I think the most important thing I’ve had to unlearn from my Bangladeshi upbringing is the notion that the only way to be financially successful is to go to college and have a “professional” career. First things first. Let’s not blame our parents for this one. In their world, I’m sure that was the reality. But for those of you who don’t want to go to college and instead pursue a creative or business venture, you must understand what entrepreneurial success (and failure) looks like in your desired field.
In my journey to build my music career, I’ve had to learn so much about the music business and marketing from my own research, my own journey as an artist, and surrounding myself with people who have built all kinds of creative businesses. I am fortunate to have incredibly accomplished friends in both the academic and entrepreneurial sides of the spectrum. However, now in my mid-20s, I do notice some of my academically inclined peers struggling with being financially set for life, yet feeling intrinsically unfulfilled and empty. Take that how you will.
Even though I am pursuing music, I do not regret going to Stony Brook for my engineering degree. Once you get a degree, it’s not going anywhere. You can finish undergrad and still be only 21 with your whole life ahead of you. If anything, the stability of having a solid Plan B to fall back on has made me way more fearless in chasing music full force.
I urge young people to exercise self-awareness. Is college really going to hold you back from chasing your dreams? Or is it wise to give yourself not only a backup plan, but a stable income in the future that can fund your passion project? My music project ‘In Loving Memory’ started during my sophomore year, from which point I played the college game on Hard mode. I had to get all my schoolwork done before my weekends, which were usually spent making music, filming videos, playing shows, etc. My ability to balance engineering and music was put to the test when I went on my first three week tour in the middle of a semester. I was studying and doing schoolwork in the back of a van during my days and playing shows in different cities by night. I can say the “Hannah Montana” life definitely fosters great discipline and time management skills.
I would also urge young people to weigh the cost of their education and their expected salary. I went to a great state school that, with scholarships and in-state tuition, allowed me to pay relatively little for a degree with a relatively high payout. Going to college for something you don’t really want to do would be bad enough, but to also accumulate a ton of debt? At that point, I would advise against it. I can’t imagine the pain of working to pay off crazy student loans for a career I didn’t even want in the first place.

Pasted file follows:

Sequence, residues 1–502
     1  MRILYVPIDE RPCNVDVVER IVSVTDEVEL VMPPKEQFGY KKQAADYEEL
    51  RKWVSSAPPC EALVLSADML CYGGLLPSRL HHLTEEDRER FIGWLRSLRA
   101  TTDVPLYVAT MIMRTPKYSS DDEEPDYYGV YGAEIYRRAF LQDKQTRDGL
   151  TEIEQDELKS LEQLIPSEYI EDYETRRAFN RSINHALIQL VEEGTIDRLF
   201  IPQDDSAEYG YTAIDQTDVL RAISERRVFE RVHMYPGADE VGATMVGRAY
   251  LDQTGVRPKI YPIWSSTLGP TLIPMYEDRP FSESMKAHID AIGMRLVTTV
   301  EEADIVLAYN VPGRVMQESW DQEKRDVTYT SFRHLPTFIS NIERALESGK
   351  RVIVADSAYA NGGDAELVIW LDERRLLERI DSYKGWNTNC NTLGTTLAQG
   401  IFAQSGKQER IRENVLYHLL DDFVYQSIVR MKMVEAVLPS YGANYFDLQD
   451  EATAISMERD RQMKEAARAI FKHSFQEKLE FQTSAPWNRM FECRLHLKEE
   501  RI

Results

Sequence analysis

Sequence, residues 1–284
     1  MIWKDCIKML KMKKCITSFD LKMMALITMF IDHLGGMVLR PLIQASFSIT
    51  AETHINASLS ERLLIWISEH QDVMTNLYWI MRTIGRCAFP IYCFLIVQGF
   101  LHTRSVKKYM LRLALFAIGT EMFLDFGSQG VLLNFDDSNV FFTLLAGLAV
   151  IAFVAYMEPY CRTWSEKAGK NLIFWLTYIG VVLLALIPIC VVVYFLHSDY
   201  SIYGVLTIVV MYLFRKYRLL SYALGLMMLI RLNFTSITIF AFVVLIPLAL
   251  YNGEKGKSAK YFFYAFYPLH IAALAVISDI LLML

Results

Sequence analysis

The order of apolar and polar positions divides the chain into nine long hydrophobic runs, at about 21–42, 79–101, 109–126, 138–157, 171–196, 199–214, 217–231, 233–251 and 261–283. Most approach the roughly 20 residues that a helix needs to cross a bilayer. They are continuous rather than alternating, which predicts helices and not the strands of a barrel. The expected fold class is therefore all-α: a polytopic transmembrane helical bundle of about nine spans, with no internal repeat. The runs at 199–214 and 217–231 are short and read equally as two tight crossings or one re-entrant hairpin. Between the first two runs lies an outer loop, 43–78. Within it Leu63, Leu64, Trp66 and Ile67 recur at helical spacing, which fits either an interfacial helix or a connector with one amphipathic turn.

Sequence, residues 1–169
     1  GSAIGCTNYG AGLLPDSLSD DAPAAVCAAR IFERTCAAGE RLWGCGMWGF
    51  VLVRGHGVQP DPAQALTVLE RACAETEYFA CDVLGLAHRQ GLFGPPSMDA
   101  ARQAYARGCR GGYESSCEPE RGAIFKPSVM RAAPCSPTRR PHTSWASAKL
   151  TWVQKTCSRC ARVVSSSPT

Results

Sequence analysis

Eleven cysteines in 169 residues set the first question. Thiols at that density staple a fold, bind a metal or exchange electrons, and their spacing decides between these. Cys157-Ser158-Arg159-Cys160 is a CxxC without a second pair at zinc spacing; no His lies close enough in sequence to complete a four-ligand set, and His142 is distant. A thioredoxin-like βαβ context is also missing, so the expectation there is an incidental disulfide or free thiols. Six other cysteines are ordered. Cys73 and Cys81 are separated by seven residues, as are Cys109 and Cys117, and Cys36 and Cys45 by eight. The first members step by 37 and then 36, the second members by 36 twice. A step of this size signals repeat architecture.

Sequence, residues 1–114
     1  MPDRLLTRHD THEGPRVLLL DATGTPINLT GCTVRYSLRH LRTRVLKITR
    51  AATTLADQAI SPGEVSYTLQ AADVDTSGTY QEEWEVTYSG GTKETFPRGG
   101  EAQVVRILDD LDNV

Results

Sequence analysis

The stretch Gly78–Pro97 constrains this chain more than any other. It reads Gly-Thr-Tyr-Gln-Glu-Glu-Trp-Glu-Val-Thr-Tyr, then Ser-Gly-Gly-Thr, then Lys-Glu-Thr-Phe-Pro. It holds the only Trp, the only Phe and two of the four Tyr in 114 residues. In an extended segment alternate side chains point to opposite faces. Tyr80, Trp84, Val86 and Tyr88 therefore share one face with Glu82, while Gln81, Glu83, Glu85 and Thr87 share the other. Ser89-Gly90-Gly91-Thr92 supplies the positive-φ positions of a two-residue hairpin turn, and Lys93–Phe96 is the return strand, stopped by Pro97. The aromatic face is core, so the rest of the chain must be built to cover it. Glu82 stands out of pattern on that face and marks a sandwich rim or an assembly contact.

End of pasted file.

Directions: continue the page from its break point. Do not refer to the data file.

The main thing I want young people who are turned off by college to understand is: By not going to college, you are going to have to work harder than everyone else. An academic career path allows you to plan your future within reason: “After X years of school, I can expect a job that pays around Y. I can go to school for Z more years and expect a certain salary increase”. In entrepreneurship, there is no guarantee of success for any time and effort put in.
It takes a special type of tenacity and persistence to build something from nothing, and that road is not for the faint of heart. In that sense, I definitely view the college route as the easier path in life. I also recognize that it is a privilege to call it easy because my parents went through hell for me to even have it as an option. But an easier path in life is not always better.
Us first-generation desis are caught in this internal war between our cultural side that taught us to value stability and our American side that taught us to value our individualistic fulfillment and happiness. I say you don’t have to choose.
Regardless of your path, work hard, work smart, and hone your craft. Now more than ever, you can build your dream career and your family will come to respect your decision, whether it’s through a college education or not.
PS: A huge motivation of mine as a musician is to be the role model for the next generation of desi kids that I did not have when I was growing up. If you have any questions about navigating a creative career path, I’d be happy to share my insight. Feel free to DM me @NaveedStone.